Children and Declarative Knowledge
Dr. Reber notes that young children acquire huge amounts of information "relatively independently of conscious attempts to acquire it and without much in the way of conscious knowledge of what they have learned", sometimes much better than older children "who tend to engage in more explicit-type learning." However, it seems that older children do better on "the explicit task." Reber, Implicit Learning and Tacit Knowledge, 1003, pp. 94-97.
This is certainly in line with Shh Tract's claim that language is not necessary for cognition and can actually interfere with cognition. And that explicit learning (although "supported by conscious strategies for acquisition" (Ibid, p. 97) is not cognition at all. The basic fact is this: Explicit learning does not add to our procedural, or tacit, store of knowledge. It only adds to our "declarative knowledge." Declarative knowledge can be tentative knowledge gained by attempting to identify what is stored in our own cognitive unconscious, or it can be tentative knowledge borrowed from other people. But if "cognition" is our own personal knowing of "the outside world" (Shh Tract), explicit learning adds nothing to what is already in our cognitive unconscious..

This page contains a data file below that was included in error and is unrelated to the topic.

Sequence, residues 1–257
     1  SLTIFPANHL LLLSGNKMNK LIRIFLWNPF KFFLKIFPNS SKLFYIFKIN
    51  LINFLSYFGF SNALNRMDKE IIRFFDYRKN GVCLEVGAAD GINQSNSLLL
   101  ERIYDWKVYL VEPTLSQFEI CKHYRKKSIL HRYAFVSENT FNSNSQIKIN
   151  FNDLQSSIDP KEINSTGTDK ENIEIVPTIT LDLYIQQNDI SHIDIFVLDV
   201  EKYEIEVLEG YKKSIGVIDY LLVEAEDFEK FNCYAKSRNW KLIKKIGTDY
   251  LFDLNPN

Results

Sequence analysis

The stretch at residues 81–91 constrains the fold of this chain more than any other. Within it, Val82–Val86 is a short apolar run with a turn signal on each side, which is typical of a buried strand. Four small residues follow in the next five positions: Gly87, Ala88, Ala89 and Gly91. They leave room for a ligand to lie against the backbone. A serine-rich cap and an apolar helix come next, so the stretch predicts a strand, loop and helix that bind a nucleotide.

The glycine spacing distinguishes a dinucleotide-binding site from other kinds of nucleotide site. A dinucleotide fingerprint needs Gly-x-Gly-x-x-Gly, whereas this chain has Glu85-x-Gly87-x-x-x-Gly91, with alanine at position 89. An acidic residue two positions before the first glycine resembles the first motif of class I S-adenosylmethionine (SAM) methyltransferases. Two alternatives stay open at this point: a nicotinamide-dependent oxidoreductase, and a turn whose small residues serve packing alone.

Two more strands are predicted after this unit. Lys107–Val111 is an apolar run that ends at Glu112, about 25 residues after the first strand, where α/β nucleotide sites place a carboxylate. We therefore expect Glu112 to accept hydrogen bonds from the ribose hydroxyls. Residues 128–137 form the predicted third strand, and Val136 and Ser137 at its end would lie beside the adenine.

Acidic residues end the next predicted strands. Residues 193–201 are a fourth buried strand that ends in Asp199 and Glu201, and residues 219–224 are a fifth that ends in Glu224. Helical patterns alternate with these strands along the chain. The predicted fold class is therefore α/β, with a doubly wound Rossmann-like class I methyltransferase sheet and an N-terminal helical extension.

American kindergartners readily learn Mandarin (See "Mastering Mandarin", San Francisco Chronicle, April 17, 2012). But it is almost impossible for adults to do so, probably because Mandarin has been rendered into English ("pin yin"). Adults just don't (or perhaps can't) listen.